Russian attempts to foist their educational program on occupied Kherson oblast schools have encountered resistance with virtually none of the school directors willing to collaborate. This is despite the abductions and other methods of terror which the Russian invaders are applying in all areas temporarily under their control.
Ukrinform reported on 26 May that regional educationalists had either not come to a meeting organized by the Russian invaders and local collaborators, or had demonstratively left. Their sources, who can obviously not be named, told them that Tetiana Kuzmich, accompanied by armed Russian soldiers, personally delivered the ‘invitations’ to a meeting with the self-styled ‘Kherson regional military-civilian administration’. Despite the fact that they had to sign that they had received these ‘invitations’, just over 20 people from the 61 schools in Kherson turned up at the meeting on 26 May, with many of these not school heads.
Kuzmich was facing serious treason charges in Ukraine, as allegedly being involved in a Russian FSB network, before Russia’s full-scale invasion. Now, under Russian occupation, she is claimed to be the head of education within the so-called ‘Kherson regional military-civilian administration’ (i.e. the occupation regime). The 26 May meeting was also attended by the Russian-appointed ‘governor’ of his occupation regime, Volodymyr Saldo, and two other collaborators – Serhiy Cherevko and Kyrylo Stremousov, both of whom have been installed by the Russians as Saldo’s ‘deputies’. It was noted that Saldo was wearing a bullet-proof vest, with the teachers concluding that he obviously fears for his life, even at a meeting with educationalists.
Kuzmich attempted to convince the educationalists present that Kherson schools would work according to the Russian curriculum and would change to teaching in Russian. The educationalists were invited to collaborate in this and offered ‘protection’.
Saldo apparently asserted that the teachers’ very presence at the meeting indicated support for the occupation regime. The teachers were not having this. They said that they had come merely to find out what was happening and stated clearly that this did not mean they supported it. They asked if they could leave if they didn’t agree. When told that they could, virtually all of them got up and left.
Writing for the Centre for Journalist Investigations, Kherson journalist Oleh Baturin reports that the resistance from local educationalists is not just seen in the small number who first ended, and then walked out of, the meeting with local collaborators. The latter are also having difficulty finding staff. A recent ‘training trip’ to occupied Crimea only got around ten takers, with a considerable percentage of the self-proclaimed heads or those aspiring to such places, having no relation to education.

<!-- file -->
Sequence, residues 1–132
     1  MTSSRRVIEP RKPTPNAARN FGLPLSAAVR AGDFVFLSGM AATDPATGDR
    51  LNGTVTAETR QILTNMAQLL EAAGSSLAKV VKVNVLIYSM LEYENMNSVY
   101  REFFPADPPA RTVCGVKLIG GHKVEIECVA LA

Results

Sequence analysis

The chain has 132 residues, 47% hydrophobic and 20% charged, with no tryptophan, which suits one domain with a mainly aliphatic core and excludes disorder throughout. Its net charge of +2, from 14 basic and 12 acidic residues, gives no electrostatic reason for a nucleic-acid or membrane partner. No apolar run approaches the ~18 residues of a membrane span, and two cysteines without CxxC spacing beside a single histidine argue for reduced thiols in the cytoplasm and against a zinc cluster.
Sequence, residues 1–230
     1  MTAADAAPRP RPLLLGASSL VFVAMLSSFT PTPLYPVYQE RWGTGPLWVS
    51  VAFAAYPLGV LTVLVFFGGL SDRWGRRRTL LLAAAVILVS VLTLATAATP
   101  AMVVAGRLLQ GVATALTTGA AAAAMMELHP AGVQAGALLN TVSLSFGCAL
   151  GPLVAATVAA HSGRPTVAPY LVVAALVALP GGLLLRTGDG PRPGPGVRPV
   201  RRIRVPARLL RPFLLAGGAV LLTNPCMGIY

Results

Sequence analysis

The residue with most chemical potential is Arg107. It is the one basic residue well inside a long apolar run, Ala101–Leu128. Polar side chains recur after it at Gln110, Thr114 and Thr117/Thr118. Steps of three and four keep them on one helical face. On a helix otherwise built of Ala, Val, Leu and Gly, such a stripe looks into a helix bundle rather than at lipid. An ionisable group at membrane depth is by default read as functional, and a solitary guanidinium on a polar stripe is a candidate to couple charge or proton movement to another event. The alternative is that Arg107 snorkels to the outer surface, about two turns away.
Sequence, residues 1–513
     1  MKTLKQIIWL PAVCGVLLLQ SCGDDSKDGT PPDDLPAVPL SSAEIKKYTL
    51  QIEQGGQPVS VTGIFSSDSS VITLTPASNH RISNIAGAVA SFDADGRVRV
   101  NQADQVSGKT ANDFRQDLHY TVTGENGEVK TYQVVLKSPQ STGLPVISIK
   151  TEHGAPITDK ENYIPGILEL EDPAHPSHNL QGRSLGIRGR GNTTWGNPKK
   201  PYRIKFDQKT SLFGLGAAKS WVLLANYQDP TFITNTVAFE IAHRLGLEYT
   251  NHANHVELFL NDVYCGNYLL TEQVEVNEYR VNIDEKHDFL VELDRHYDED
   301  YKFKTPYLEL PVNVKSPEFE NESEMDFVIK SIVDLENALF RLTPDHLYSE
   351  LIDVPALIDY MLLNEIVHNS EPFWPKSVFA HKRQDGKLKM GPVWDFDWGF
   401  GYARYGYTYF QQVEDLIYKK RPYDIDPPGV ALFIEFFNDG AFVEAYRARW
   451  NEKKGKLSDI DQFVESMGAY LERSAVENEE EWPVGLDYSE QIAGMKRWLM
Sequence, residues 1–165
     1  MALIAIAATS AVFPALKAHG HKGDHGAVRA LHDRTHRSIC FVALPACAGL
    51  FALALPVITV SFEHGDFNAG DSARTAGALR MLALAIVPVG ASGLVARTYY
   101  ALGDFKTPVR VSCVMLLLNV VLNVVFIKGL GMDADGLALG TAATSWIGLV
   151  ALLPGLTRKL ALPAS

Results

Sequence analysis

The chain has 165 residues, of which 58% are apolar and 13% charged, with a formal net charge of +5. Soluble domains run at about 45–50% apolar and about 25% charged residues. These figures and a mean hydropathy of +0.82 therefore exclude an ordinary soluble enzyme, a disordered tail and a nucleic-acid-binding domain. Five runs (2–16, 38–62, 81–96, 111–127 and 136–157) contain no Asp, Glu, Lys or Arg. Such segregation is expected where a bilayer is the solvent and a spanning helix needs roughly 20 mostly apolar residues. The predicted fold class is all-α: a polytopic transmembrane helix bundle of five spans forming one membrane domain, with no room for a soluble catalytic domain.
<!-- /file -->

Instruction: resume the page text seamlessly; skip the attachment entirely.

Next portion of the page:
The situation is the same in occupied Kakhovka, where local educationalists have refused to collaborate with the new Russian-foisted ‘leaders’. A Kakhovka teacher, on condition of anonymity, told the Centre that the local collaborator installed as ‘head’ by the Russians, Pavlo Filipchuk, had claimed to have held meetings with school heads, other educationalists and cultural workers. In his version of events, they had all expressed willingness to collaborate. The source, however, points out that such reports have not once been backed by photos or videos, and suggests that this is because almost nobody turned up to such ‘meetings’, and not one head of an educational institution.
The same situation applies in Skladovsk and Henichesk, and in three villages in the Henichesk district. According to Serhiy Danilov, a well-known academic, the teachers in those villages say that it’s better to live off their gardens than to take money for betraying their students.
Russia has already organized a so-called ‘professional development’ trip to occupied Crimea. Baturin notes that in the photos from Russian propaganda media, you can see the (poor) number of local residents willing to collaborate: former businesswoman Viktoria Shatrova; Iryna Melnychenko, teacher at a local kindergarten; and three self-styled ‘directors’ – Olena Tereshchenko (of Kakhovka School No. 1); Ihor Demenko (School No. 3) and Olena Martynova (School No. 5).
Such ‘retraining’ in occupied Crimea would seem to be, as collaborator Stremousov has himself acknowledged, prompted by the fact that teachers in the Kherson oblast are in no hurry to adopt the invaders’ educational standards. Russia is using occupied Crimea for ‘gathering literature’ for schools in Kherson oblast, and are also threatening to send in volunteer teachers.
The situation in Kherson oblast appears similar to that in occupied Melitopol (Zaporizhzhia oblast).